Millions of pounds of public money have been spent on a parenting initiative that has had “no impact” on the young people it is meant to help, research has found.
NHS Greater Glasgow and Clyde (NHSGGC) formally launched the positive parenting programme — “Triple P” — in May 2010.
It was aimed at helping parents whose children have common social, emotional and behavioural problems and was introduced across the city. Tens of thousands of families have signed up for it.
However, a study analysing data collected over six years suggested that the initiative was “unlikely to produce measurable benefits” and was a waste of NHS resources.
The authors, from the University of Aberdeen, concluded: “Claims that parenting programmes which focus on the whole-population demonstrate significant impact on the health of the population are especially important, because these might have resulted in a substantial commitment of public funds.
“No convincing evidence of benefit for preschool-aged children’s mental health problems from the Triple P programme in the whole-population implementation in Glasgow was found.”
Developed in Australia, Triple P claims to “empower” parents, enabling them to address their children’s problems themselves.
In Glasgow, at least £4 million has been invested in the programme. But after analysing annual data from standard pre-school assessment questionnaires, the researchers found little evidence that Triple P had changed the children’s behaviour.
After analysing annual data from standard pre-school assessment questionnaires, the researchers found little evidence that Triple P had changed the children’s behaviour
The questionnaire lists traits such as “often has temper tantrums or hot tempers”, “easily distracted, concentration wanders”, and “generally obedient, does what adults suggest”. Teachers are asked to match a child’s behaviour with the list, scoring them “not true”, “somewhat true” and “certainly true”.
Responses collected for six years from 2010 showed “no significant improvement in the social, emotional and behavioural difficulties of preschool-aged children.”
The authors found that the “reach” of Triple P was good, in terms of parents with the greatest need starting interventions, but discovered that “fewer than half of families completed group and primary care interventions, with those from more deprived areas and those with more difficulties being less likely to complete”.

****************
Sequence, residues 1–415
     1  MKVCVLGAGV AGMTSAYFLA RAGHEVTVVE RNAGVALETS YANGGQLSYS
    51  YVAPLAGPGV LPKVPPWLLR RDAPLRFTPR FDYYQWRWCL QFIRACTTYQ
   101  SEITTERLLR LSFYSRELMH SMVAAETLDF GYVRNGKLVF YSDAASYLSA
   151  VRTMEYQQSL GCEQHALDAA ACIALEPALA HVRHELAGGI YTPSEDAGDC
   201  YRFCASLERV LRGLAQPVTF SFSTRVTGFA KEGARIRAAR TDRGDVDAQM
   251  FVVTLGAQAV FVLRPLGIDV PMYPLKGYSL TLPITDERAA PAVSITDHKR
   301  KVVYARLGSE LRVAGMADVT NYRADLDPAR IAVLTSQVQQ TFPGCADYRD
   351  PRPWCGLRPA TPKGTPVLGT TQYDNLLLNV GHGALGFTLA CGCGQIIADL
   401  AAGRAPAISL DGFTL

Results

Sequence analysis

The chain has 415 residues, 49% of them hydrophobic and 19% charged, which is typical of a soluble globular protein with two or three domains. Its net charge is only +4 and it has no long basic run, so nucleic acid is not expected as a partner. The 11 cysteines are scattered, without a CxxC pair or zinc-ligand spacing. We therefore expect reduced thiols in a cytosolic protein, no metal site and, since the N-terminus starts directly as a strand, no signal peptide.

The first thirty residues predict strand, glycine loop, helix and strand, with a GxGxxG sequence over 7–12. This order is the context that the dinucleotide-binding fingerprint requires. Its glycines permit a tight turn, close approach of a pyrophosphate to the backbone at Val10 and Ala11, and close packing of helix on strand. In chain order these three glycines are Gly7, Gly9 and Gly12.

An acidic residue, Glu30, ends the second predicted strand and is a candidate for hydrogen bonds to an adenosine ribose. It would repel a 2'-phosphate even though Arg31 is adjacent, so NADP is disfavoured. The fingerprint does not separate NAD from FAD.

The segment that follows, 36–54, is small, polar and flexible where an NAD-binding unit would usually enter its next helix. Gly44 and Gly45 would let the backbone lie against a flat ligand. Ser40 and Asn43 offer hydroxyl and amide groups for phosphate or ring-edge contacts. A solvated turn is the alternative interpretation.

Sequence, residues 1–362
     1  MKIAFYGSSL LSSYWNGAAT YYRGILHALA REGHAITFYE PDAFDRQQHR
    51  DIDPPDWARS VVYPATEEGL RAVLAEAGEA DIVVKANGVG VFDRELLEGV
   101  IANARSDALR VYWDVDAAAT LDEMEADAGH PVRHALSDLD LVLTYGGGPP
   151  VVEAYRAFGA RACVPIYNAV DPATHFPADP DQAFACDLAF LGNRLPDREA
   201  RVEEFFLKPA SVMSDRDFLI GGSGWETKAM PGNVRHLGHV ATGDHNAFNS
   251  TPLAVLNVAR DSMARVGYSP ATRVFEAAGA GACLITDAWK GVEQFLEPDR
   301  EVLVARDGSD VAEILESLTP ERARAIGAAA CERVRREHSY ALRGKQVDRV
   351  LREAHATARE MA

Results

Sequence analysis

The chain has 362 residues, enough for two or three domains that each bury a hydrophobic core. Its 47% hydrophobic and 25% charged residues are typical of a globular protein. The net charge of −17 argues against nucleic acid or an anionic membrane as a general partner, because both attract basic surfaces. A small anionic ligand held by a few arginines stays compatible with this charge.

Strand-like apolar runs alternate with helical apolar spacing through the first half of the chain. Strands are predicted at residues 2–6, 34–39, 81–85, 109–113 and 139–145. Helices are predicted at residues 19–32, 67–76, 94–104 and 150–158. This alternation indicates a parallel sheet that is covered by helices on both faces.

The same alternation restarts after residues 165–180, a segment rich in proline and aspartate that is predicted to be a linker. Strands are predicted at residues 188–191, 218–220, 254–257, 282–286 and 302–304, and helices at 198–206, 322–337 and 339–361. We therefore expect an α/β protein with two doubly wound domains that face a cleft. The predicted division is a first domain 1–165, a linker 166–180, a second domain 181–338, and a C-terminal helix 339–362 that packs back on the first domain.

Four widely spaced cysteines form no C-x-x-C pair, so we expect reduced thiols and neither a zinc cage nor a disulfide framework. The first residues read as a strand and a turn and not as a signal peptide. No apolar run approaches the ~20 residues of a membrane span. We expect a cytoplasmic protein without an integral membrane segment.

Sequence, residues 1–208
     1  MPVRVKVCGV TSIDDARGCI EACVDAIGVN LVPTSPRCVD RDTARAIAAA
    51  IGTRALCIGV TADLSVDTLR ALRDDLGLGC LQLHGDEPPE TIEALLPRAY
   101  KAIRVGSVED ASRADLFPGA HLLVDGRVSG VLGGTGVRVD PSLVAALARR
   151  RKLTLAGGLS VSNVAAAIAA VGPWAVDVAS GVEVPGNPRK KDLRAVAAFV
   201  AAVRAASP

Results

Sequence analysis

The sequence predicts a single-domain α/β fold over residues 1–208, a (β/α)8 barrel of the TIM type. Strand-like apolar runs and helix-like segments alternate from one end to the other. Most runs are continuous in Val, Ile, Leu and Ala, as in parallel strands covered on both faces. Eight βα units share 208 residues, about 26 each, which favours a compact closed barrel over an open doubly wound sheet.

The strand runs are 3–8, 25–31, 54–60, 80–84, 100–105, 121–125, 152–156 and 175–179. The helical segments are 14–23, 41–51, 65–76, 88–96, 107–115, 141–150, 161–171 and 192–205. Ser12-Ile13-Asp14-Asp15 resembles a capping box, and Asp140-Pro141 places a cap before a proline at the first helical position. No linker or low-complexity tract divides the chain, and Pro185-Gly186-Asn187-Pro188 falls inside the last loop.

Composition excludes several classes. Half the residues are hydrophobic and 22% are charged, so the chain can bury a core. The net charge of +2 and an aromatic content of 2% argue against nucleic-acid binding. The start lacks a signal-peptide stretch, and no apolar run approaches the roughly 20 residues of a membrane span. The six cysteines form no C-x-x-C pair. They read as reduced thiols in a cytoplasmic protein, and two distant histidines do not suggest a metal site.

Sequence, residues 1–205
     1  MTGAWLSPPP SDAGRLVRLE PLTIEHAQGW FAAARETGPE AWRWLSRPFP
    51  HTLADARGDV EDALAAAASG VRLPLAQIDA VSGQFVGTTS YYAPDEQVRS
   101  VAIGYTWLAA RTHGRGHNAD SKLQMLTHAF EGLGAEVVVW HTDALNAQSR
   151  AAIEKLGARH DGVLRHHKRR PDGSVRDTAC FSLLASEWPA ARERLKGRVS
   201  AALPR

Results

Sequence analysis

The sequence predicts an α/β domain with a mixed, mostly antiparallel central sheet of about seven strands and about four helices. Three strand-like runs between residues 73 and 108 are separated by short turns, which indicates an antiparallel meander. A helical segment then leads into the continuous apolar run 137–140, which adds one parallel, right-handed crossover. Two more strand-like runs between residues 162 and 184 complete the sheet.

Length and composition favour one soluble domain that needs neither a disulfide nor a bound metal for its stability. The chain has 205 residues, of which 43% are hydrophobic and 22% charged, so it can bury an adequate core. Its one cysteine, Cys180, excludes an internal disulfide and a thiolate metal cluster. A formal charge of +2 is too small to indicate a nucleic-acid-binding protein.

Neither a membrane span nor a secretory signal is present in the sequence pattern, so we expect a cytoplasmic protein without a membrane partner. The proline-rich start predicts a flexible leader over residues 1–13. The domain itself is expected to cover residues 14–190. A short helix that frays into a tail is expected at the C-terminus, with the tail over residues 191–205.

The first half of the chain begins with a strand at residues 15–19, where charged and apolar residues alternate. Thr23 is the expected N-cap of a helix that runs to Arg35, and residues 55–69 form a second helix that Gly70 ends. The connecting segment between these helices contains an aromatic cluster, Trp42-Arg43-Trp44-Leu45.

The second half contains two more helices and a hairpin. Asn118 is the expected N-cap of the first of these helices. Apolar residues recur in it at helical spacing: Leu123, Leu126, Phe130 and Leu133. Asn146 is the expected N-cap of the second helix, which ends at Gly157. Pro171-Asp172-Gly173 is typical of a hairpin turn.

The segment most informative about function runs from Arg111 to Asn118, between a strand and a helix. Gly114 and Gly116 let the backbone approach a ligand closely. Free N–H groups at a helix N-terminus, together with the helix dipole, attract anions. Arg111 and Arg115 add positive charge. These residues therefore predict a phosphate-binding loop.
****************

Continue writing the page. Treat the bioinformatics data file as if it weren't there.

This low completion rate might in part explain the lack of impact of Triple P in Glasgow, the study said, but it “may also indicate that it may not have been an appropriate choice of intervention for this population”.
The report added: “It is equally possible that Triple P interventions, even when they were completed, did not affect the mental health problems observed by nursery staff.”
Last year The Times published internal health board documents that showed NHSGCC had purchased Triple P on the basis that it was provided on a not-for-profit basis.
The health board was mistaken. Triple P International Pty Ltd is a for-profit company, whose product was developed by Matt Sanders at the University of Queensland. It has sold about 7 million copies in 25 countries since it began commercial operations in 1996.
Professor Sanders said last night that it was difficult to understand how the authors of the latest paper, published by BMC Pediatrics, reached their conclusion “based on the limited data they have chosen to report on in their study. Consequently the report’s conclusions are vastly overstated.”
He added: “Any paper that produces null findings should be welcomed for what it can teach as long as the evaluation is of sufficiently high quality to provide informative results. We look forward to working with our dissemination partners to see if there are any lessons to be learnt from the current paper, despite our concerns that the paper’s conclusions are overstated.”
An independent report in 2014 showed that 89 per cent of the “evidence-based” analyses of Triple P’s effectiveness were written by experts who had failed to declare an interest in the programme.
Asked about this statistic at the time, Professor Sanders told The Times that declaration of conflict of interest was a “field-wide issue”.
NHSGCC defended its use of Triple P, saying that, at the time, the programme was selected because “published evidence suggested it may have reduced the number of child protection concerns”.
A health board spokesman added: “Families completing interventions reported high levels of satisfaction with the programme and reported improvements in parenting behaviours, emotional wellbeing and child behaviour.
“Through the training and delivery of Triple P, the parenting support infrastructure in Glasgow has matured substantially. It has created a large cohort of practitioners who have professional skills in engaging with families who could benefit from support.”